Petroleum levy collection falls Sh593m on costly fuel

Fuel station

Vehicles line up to fuel at a petrol station in Nairobi on July 1, 2023. 

Photo credit: Francis Nderitu | Nation Media Group

The Petroleum Development Levy collections dipped by more than Sh500 million in the six months to December last year, due to sky-high pump prices that hit demand.

The Petroleum Development Levy Act states that the fund shall be used to develop the oil industry, including stabilising pump prices in instances of spikes due to high landed costs above a threshold determined by the Energy and Petroleum Regulatory Authority.

Consumers pay Sh5.40 for every litre of super petrol and diesel and Sh0.40 per litre of kerosene, with the money being used to build a kitty, which is meant to subsidise pump prices skyrocket.

An analysis of official consumption figures from the energy regulator shows that collections fell to Sh12.18 billion in the period compared to Sh12.78 billion in the same period of 2022—marking a slump of Sh593.94 million.

The fall was driven by record high prices where a litre of fuel crossed the Sh200- a litre mark, forcing consumption of kerosene, super petrol, and diesel fell 39.45 percent, 4.76 percent and 4.46 percent, respectively.

The drop in the collections between July and December last year signals that the government is likely to miss out on the targeted amount in the financial year ending this month.

However, the low collections are likely to have a minimal impact given that strong shilling and falling prices of refined fuel globally have cut pump prices locally, removing the need to subsidise fuel.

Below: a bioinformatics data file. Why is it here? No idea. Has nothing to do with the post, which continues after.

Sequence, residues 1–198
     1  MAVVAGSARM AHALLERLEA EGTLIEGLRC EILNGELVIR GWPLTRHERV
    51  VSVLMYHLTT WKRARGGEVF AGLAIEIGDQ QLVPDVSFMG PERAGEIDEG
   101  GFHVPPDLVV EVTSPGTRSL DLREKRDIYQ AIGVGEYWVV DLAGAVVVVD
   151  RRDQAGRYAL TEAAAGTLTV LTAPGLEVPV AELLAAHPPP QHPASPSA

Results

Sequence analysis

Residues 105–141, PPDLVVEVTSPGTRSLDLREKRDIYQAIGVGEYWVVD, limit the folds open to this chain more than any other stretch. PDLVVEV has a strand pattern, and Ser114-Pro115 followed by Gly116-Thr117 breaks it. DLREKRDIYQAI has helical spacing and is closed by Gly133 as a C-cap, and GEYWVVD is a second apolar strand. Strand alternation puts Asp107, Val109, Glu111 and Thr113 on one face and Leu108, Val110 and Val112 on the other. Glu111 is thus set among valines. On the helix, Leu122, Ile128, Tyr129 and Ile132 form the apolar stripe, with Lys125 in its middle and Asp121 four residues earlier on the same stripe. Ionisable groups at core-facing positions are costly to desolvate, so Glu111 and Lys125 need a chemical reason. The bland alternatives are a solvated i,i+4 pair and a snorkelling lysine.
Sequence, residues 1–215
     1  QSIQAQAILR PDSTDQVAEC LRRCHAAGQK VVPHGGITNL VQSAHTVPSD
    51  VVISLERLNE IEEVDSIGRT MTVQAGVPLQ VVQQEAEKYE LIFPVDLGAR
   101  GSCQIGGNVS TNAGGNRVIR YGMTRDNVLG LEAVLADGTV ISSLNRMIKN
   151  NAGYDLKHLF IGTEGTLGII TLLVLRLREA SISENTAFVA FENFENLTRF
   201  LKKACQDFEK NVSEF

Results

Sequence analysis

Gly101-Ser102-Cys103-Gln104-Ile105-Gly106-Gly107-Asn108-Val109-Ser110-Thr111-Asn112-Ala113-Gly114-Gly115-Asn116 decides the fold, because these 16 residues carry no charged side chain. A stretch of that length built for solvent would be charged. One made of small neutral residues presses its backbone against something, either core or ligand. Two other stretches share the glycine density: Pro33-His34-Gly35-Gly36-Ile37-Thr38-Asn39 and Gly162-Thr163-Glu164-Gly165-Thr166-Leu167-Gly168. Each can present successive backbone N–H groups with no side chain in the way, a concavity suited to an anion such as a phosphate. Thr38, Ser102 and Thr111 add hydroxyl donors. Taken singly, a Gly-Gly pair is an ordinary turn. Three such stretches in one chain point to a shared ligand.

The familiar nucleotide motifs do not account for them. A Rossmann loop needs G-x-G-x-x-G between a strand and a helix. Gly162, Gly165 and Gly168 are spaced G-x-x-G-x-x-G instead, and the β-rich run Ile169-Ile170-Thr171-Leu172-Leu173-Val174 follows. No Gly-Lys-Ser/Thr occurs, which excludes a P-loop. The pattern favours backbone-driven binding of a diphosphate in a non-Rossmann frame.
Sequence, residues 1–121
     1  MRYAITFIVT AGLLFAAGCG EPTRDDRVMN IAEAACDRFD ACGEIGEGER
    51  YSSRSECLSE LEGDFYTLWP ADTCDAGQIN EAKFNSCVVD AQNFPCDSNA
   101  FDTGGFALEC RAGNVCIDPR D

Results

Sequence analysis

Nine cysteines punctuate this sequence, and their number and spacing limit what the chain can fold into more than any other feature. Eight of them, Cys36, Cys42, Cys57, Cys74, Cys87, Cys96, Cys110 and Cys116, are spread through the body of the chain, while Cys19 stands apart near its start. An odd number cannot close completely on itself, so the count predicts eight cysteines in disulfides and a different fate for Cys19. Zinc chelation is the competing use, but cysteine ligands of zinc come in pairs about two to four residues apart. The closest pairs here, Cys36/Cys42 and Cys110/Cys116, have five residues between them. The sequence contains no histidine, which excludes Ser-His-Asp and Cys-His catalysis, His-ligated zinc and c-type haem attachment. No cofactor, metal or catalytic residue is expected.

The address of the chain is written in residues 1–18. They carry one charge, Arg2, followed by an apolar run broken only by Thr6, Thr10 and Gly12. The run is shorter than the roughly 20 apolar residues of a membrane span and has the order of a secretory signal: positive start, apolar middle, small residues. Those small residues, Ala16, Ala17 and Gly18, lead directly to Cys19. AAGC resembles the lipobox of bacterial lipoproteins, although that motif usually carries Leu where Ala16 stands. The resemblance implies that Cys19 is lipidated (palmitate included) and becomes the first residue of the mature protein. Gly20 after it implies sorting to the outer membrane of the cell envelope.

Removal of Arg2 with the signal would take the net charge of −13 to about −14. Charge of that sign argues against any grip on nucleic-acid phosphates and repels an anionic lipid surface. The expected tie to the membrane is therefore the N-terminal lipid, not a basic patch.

Based on the data from the Energy and Petroleum Regulatory, petroleum levy collections from kerosene fell by more than half to Sh10.37 million between July and December last year, compared to Sh21.85 million in the same period a year earlier.

The fund was heavily used to cushion consumers from costly fuel between April 2021 and last year, with oil marketers pocketing an estimated Sh124.07 billion for keeping pump prices low. A further Sh45.8 billion was converted into a three-year bond in May last year.

The scheme was discontinued last year amid pressure from the International Monetary Fund and struggles by the Exchequer to pay oil marketers.

Currently, the government has used consumers of diesel to cross-subsidise super petrol and kerosene users in a bid to ease pressure on the kitty.

The cross-subsidy has been subject to legal suits on grounds that it is unfair and cushions users of one grade of fuel at the expense of others.

However, billions from the kitty have been illegally used in the past, like the Sh18 billion that was tapped in 2021 to fund operations of the standard gauge railway.

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